A fascinating account of the making, remaking, and unlikely popularizing of one of the most played and recorded rock songs in history—Leonard Cohen’s beautiful and heartrending “Hallelujah.”
“A venerated creator. An adored, tragic interpreter. An uncomplicated, memorable melody. Ambiguous, evocative words. Faith and uncertainty. Pain and pleasure.”
Today, “Hallelujah” is one of the most-performed rock songs in history. It has become a staple of movies and television shows as diverse as Shrek and The West Wing, of tribute videos and telethons. It has been covered by hundreds of artists, including Bob Dylan, U2, Justin Timberlake, and k.d. lang, and it is played every year at countless events—both sacred and secular—around the world.
Yet when music legend Leonard Cohen first wrote and recorded “Hallelujah,” it was for an album rejected by his longtime record label. Ten years later, charismatic newcomer Jeff Buckley reimagined the song for his much-anticipated debut album, Grace. Three years after that, Buckley would be dead, his album largely unknown, and “Hallelujah” still unreleased as a single. After two such commercially disappointing outings, how did one obscure song become an international anthem for human triumph and tragedy, a song each successive generation seems to feel they have discovered and claimed as uniquely their own?
Through in-depth interviews with its interpreters and the key figures who were actually there for its original recordings, acclaimed music journalist Alan Light follows the improbable journey of “Hallelujah” straight to the heart of popular culture. The Holy or the Broken gives insight into how great songs come to be, how they come to be listened to, and how they can be forever reinterpreted.
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Amazon Best Books of the Month, December 2012: An entire biography dedicated to a single song might seem excessive at first. But when that song is “Hallelujah”--a decades-old, epic ode to sex, spirituality, and everything in between--such a spotlight is not only justified but arguably necessary. Leonard Cohen spent years painstakingly penning the lyrics and wound up with more verses than anyone has ever heard. The song has been rerecorded, reimagined, reinvented, and ultimately immortalized through (occasionally) gloriously great and (too often) tragically terrible renditions. It is, as author and music journalist Alan Light puts it in The Holy or the Broken, “one of the most unexpected and triumphant sagas in the history of popular music.” With this complex and fascinating story, Light succeeds in doing for a song what some biographers struggle to accomplish for human subjects: He captures the essence and importance of a living, breathing entity, and his telling is at times as moving as the masterpiece itself. --Robin A. RothmanAbout the Author:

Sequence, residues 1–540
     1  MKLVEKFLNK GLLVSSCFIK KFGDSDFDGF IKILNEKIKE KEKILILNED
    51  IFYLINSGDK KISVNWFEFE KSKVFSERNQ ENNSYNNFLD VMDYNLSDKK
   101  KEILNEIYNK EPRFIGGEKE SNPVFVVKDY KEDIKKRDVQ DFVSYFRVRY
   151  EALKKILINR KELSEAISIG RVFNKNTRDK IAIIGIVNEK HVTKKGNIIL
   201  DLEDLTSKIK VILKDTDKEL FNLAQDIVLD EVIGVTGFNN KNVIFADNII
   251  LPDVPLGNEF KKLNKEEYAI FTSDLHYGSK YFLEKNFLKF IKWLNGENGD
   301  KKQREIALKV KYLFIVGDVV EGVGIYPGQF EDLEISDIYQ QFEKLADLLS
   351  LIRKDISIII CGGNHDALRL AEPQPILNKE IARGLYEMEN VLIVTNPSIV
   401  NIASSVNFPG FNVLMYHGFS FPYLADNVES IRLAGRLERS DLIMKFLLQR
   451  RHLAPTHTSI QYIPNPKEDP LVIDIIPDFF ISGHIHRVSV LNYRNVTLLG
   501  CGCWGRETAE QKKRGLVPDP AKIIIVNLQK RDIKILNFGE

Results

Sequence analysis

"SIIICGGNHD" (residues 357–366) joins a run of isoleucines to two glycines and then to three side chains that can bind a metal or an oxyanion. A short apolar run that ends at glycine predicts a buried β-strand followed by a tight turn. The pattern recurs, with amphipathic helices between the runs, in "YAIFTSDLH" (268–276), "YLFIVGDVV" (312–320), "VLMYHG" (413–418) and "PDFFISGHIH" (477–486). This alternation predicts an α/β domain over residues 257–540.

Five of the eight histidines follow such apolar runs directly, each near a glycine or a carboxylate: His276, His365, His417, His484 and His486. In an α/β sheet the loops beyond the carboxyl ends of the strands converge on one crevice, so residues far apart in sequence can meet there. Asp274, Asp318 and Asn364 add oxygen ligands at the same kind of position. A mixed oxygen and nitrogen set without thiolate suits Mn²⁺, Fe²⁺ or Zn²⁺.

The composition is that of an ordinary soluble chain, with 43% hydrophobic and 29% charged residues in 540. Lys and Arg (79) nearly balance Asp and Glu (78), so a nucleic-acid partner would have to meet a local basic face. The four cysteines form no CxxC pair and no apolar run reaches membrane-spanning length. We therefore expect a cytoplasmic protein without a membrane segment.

Alan Light has been one of America’s leading music journalists for the past twenty years. He was a writer at Rolling Stone, founding music editor and editor-in-chief of Vibe, and editor-in-chief of Spin magazine. He has been a contributor to The New Yorker, GQ, Entertainment Weekly, Elle, and Mother Jones. He is the author of The Skills to Pay the Bills, an oral history of the Beastie Boys; The Holy or the Broken: Leonard Cohen, Jeff Buckley, and the Unlikely Ascent of “Hallelujah”; and cowriter of the New York Times bestselling memoir by Gregg Allman, My Cross to Bear.
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